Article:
Published November 21, 2011
Fifty years after the Green Revolution, some experts are again calling for a revolution in biotechnology to feed the world’s growing population.
According to a United Nations Food and Agricultural Organization report, 925 million people went hungry worldwide in 2010 and 239 million of them lived in sub-Saharan Africa.
But a recent report by the Worldwatch Institute, a group that studies global environmental concerns, suggests that focusing on growing more crops at the expense of land, water and ecosystems will not end hunger. Through small-scale, eco-friendly practices, the world may not have to choose between feeding the hungry and protecting the environment.
“So much attention is placed just on improving yields and raising yields that we forget about the other parts of the equation,” Worldwatch Institute researcher Danielle Nierenberg said. “Emphasis on yields had made us push aside everything else, including protecting the environment.”
The Green Revolution
The Green Revolution began in the 1960s, when starvation had reached crisis levels in many developing countries, according to the International Food Policy Research Institute. While technology in developed countries had increased crop yields enough to sustain growing populations and eliminate starvation, developing countries had been left behind.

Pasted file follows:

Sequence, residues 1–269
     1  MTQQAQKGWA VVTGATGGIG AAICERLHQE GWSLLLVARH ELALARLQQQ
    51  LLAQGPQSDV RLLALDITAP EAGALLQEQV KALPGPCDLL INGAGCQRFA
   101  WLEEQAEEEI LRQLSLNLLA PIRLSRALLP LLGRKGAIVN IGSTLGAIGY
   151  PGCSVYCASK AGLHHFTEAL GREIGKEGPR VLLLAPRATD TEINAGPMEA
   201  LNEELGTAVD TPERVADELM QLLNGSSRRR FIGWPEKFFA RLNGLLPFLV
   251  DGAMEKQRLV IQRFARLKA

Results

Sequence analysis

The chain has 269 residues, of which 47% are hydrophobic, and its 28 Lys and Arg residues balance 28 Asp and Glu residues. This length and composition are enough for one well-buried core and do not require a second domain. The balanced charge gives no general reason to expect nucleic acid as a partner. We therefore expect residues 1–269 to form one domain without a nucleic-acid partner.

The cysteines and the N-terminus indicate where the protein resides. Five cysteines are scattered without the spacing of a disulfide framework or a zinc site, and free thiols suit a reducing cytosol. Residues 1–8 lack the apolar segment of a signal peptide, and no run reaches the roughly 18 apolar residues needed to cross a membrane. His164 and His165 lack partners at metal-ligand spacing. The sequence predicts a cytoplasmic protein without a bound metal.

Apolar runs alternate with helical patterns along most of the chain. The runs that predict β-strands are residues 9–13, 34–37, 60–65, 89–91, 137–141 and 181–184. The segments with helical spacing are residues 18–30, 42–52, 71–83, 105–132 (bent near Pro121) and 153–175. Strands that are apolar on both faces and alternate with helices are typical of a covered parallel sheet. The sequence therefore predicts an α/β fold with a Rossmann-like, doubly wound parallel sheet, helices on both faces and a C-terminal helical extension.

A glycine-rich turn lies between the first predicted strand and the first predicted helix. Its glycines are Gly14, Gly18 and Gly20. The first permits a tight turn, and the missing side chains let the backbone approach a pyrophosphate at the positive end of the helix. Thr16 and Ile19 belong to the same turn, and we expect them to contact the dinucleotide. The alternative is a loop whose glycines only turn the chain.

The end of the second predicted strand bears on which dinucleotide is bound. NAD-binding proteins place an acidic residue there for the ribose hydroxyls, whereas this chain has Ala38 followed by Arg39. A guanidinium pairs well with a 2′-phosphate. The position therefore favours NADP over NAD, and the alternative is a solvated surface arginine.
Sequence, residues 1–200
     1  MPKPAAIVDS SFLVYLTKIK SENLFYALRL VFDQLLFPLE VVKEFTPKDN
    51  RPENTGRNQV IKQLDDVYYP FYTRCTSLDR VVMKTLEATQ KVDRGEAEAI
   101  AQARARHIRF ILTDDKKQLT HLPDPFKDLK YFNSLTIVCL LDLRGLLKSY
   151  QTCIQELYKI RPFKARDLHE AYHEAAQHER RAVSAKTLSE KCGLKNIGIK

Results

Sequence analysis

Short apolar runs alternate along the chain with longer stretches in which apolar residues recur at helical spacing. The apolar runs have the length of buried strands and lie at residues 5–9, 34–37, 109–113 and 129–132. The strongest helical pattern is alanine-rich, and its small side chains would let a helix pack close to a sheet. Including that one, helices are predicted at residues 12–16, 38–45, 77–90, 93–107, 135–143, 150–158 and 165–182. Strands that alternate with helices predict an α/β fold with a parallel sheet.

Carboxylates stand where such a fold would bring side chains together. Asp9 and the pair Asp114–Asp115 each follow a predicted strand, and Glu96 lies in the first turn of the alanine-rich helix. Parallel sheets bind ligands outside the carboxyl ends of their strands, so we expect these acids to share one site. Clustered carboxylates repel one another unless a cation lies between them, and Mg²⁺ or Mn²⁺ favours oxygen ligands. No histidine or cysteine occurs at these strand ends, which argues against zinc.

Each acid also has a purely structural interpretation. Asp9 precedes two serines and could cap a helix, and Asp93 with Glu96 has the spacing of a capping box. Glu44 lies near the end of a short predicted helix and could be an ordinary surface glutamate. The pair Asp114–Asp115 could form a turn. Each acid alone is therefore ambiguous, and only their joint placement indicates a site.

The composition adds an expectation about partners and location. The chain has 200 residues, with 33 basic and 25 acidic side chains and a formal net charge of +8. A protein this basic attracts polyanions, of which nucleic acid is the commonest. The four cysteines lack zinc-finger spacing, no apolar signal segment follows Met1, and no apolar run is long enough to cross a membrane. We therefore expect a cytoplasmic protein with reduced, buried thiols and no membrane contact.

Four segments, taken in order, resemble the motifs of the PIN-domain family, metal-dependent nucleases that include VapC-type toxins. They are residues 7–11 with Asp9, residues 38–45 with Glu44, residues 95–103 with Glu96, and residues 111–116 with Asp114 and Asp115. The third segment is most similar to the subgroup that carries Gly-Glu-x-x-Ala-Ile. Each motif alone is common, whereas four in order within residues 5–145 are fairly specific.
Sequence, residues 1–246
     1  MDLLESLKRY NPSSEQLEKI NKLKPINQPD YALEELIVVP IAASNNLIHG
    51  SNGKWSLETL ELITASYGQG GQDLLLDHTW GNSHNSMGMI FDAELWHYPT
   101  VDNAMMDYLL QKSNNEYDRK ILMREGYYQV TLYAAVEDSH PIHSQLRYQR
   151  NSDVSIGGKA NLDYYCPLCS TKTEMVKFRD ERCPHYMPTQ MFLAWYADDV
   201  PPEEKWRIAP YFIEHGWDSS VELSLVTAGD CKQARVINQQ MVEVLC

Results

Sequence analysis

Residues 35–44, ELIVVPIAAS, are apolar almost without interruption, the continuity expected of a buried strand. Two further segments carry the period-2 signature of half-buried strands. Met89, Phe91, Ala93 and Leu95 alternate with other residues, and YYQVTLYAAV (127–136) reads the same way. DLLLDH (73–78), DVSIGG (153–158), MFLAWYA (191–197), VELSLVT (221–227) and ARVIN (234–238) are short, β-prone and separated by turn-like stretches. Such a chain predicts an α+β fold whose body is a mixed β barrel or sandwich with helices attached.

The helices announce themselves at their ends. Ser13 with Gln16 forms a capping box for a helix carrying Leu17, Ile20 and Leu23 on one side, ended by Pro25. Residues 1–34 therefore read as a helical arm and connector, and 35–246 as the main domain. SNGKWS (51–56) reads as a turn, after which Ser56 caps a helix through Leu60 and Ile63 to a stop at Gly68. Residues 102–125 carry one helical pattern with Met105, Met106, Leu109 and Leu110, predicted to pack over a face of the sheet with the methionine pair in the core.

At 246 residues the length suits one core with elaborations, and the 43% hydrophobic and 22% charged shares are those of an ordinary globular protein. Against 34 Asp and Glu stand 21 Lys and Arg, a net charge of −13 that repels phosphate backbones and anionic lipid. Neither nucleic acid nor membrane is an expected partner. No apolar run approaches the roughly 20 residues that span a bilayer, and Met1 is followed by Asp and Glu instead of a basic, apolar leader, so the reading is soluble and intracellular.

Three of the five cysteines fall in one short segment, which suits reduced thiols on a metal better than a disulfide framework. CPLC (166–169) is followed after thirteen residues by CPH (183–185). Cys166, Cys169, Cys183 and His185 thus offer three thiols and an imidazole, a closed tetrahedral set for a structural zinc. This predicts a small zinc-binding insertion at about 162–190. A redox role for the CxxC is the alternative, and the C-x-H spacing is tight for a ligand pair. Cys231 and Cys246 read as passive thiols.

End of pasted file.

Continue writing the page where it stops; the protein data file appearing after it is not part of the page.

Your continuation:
By the late 1960s, however, yields dramatically increased in Asia and Latin America as scientists began breeding improved varieties of grains and expanding the use of fertilizers. Cereal production more than doubled in Asia between 1970 and 1995 and many leaders declared the Green Revolution a success. But while the initial use of fertilizer boosted production, the continued overuse of fertilizers and other chemical inputs has degraded the land.
“The Green Revolution was a great success in that it ramped up agricultural investment and it ramped up productivity. There was plenty of food to go around,” said Michael Kugelman, program associate for the Asia Center at the Woodrow Wilson Center for International Scholars. “The problem is the Green Revolution used a lot of chemical (and) industrial agriculture and it used up a lot of arable farmland.”
Farmers worldwide shifted away from traditional diversified farming systems, in which a variety of crops are grown and animals raised, to industrial farming systems, where high-yielding monoculture crops, like rice and wheat, are primarily grown. While production increased, farmers had no alternative crops to fall back on if their main crop failed.
“Diversified farming systems… are more resilient to pests and disease, climate change, fluctuations in food prices and fuel prices,” Nierenberg said.
Industrial farming systems have also been blamed for the cycle of debt and hunger that has hit many farmers so hard.